14 November 1922 diary of Dr John Stewart Muir (1845-1938) of Selkirk

Delightfully mild + like so many days lately bright + sunny up till midday + then clouded but no rain + no drouth1 either. Walked to Tower Terrace, Dunsdale + Mavisbank + then at Viewfield2 saw Dav.3 excise a wen from May Lang’s neck4 + a small tumour from a woman’s mamma. Banked £20 odd + cleared our overdraft.5 Made out accounts in afternoon + posted county ones.6 Mrs Kennedy + her little boy were up spending the day.7 Wired Erskine Harper at Glasgow wishing him good luck.8

1 Drouth, n. and v. Also drooth, drowth, †druth. Sc. forms and usages of Eng. drought. The forms drouth and drowth are now only in dial. or poet. use in Eng. Cf. Drocht. [Dictionar o’ the Scots Leid]; it is probably best known in Scots language and literature but not exclusively, see for example Thomas Hardy’s poem of new love ‘After The Visit’ [see also Dr Muir’s diary entry for 5 April 1920].

2 Viewfield had been the Muir and Graham medical co-partnership’s nursing home since Dr Muir purchased it in 1920 from Miss Alexina Margaret Buist (1853-1936), daughter of a Dundee merchant who was, with her companion Gertrude Mary Ball (1861-1941), at Viewfield prior the purchase whereupon they moved to Fergushill, a Victorian Gothic Revival house at Kirklinton, Cumberland,

3 David Charteris ‘Dav.’ Graham (1889-1963), M.B., Ch.B., medical practitioner and Dr Muir’s business partner.

4 Margaret Graham ‘May’ Lang (1861-1958), daughter of Hugh Morris Lang and Margaret Lang née Graham; born Largs, Ayrshire, died Selkirk; a cyclist [see diary entry 13 May 1916], Miss Lang was Tenant Occupier of the mansion house, stable and grounds at Harewoodglen, Selkirk [1921 Valuation Roll, VR011700009-/326, Selkirk County, page 326 of 611].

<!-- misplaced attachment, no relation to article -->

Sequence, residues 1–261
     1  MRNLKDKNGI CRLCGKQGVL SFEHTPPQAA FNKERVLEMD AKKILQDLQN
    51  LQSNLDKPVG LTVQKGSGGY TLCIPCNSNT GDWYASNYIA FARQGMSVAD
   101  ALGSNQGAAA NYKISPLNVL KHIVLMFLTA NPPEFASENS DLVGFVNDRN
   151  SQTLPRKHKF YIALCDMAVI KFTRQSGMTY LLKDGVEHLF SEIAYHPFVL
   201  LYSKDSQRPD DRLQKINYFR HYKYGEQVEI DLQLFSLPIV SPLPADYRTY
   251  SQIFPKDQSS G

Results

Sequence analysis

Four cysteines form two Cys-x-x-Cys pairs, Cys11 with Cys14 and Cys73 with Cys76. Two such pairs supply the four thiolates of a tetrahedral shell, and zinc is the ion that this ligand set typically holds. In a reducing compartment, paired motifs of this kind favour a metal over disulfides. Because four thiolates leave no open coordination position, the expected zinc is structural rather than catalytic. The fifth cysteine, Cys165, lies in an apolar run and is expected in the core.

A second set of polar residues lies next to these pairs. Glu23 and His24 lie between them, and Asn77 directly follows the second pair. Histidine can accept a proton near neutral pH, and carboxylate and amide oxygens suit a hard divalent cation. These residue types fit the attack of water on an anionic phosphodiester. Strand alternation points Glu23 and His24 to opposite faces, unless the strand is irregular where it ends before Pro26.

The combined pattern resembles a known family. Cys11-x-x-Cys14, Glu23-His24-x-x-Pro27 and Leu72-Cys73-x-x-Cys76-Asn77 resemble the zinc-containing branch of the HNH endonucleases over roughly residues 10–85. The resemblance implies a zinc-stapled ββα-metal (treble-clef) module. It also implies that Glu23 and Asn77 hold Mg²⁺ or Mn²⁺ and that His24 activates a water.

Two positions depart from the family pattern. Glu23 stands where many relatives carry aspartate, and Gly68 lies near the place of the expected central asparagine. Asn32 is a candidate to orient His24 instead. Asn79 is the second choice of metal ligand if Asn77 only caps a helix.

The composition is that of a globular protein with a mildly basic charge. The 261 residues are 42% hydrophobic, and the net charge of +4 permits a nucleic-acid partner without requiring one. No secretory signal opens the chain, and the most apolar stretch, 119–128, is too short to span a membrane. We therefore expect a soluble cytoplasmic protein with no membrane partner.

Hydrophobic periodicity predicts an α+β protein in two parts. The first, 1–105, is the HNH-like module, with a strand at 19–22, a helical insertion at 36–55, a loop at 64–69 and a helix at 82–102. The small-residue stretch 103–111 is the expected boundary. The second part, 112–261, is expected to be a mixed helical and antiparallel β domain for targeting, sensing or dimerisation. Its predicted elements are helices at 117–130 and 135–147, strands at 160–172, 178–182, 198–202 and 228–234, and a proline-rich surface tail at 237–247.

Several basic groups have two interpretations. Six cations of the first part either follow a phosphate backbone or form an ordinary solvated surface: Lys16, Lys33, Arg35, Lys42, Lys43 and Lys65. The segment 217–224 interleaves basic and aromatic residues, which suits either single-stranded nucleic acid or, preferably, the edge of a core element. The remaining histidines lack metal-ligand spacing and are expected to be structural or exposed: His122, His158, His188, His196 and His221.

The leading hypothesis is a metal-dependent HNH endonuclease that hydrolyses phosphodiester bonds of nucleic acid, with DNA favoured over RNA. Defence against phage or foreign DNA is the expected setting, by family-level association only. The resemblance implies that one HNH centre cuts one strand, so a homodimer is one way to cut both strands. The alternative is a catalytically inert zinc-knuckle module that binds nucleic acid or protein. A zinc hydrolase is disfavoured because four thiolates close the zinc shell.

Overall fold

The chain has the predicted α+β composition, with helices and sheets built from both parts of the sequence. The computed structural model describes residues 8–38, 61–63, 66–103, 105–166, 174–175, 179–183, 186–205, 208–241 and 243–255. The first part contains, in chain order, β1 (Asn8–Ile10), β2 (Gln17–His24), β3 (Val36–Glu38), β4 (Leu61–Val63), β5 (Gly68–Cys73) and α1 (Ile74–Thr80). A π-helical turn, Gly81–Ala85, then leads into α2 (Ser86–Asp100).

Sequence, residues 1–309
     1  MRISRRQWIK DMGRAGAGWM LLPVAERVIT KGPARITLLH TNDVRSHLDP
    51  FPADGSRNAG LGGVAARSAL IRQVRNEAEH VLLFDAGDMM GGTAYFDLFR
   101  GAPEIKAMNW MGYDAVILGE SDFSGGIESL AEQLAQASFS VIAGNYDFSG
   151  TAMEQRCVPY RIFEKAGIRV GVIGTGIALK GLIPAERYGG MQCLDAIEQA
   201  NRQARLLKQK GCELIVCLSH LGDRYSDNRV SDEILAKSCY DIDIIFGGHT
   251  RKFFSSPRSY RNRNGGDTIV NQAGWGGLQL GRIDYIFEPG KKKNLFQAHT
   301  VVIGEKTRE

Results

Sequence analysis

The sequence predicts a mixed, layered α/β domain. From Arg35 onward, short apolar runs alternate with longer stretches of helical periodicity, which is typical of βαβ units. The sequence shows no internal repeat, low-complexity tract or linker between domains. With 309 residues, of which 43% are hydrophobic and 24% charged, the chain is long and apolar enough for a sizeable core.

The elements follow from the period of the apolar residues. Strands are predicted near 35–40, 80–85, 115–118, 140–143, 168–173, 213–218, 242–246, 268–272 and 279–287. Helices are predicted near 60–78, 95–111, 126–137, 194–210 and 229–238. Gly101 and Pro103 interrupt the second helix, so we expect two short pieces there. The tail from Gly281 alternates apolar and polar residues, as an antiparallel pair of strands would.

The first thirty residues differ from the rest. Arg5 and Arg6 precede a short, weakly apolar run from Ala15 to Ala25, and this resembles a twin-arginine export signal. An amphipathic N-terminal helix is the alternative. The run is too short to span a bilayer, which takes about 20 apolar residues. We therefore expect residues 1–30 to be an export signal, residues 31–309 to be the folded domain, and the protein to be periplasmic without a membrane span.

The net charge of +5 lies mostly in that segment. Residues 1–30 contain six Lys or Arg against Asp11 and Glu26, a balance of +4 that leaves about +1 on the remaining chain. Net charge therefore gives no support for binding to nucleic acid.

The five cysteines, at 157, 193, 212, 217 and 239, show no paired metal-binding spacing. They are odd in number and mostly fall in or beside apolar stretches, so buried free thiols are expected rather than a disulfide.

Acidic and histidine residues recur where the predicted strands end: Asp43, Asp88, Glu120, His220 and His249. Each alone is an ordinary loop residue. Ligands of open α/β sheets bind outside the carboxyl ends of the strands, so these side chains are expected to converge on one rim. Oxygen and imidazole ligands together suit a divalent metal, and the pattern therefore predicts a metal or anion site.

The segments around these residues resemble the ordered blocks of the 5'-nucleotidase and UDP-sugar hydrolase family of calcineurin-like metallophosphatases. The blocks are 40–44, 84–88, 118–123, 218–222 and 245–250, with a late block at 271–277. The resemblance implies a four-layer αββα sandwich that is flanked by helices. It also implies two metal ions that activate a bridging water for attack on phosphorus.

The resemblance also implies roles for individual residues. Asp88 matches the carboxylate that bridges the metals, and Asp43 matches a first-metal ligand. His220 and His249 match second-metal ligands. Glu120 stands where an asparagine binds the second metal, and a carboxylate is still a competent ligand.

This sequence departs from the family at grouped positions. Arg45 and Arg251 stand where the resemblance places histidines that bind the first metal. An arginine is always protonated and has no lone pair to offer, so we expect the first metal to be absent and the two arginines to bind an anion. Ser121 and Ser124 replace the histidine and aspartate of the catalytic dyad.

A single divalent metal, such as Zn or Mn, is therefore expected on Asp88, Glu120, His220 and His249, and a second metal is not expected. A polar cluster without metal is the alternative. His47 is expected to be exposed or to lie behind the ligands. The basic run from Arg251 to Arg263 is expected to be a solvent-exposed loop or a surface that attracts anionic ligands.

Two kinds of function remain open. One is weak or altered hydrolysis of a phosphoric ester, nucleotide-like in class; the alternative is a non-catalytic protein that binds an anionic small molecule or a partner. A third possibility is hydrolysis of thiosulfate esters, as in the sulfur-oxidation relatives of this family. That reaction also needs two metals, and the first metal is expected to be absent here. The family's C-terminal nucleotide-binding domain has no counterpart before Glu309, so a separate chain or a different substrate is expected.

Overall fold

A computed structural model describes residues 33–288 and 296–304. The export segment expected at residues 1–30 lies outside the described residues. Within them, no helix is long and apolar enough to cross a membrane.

5 The Muir and Graham medical co-partnership ran its bank balance at a low level and though the partners took what look like good salaries the partnerships’s problem seems to be overheads on Viewfield and slow payment of some patients’ accounts and other monies due.

6 Local patients’ accounts were delivered by hand by the medical co-partnership, see for example Dr Muir’s diary entry for 28 August 1922.

7 Mary Balfour Kennedy née Alison (1889-1978), born Newington, Edinburgh, she married, 1915 at Morningside, William Nicol Watson Kennedy, medical officer of health and school medical officer for Selkirkshire, 1921 (he had moved to a similar job at Croydon, Surrey, by the 1921 Census), and had two sons, Ian Alexander Kennedy (1916-1988) and Charles Gordon Kennedy (1920-); by the time of the 1939 England and Wales Register the family had moved to Hale, Cheshire [Glendale, Ashley Road, Hale, 1929 Kelly’s Directory of Manchester of Salford and Suburbs] and she died at Macclesfield Registration District, aged 89, on 24 Dec 1978
[sources: marriage 1915, 685/6 46, Morningside; son’s birth 1916, 685/6 219, Morningside; her death: Mary Balfour Kennedy, Dec Quarter 1978, Macclesfield, Cheshire 35 0661].

8 Erskine Harper (1887-1953), Mrs Mackintosh’s son, was the National Liberal candidate for the Gorbals Division of Glasgow (he came second with 8,276 votes or 27.4%).

[Source: Scottish Borders Archives & Local History Service SBA/657/25, Dr J S Muir of Selkirk, medical practitioner, journal for 1922]

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Archivist, interests include Dr John Stewart Muir 1845-1938) of Selkirk, general practitioner, and Seton Paul Gordon (1886–1977), naturalist, author and photographer

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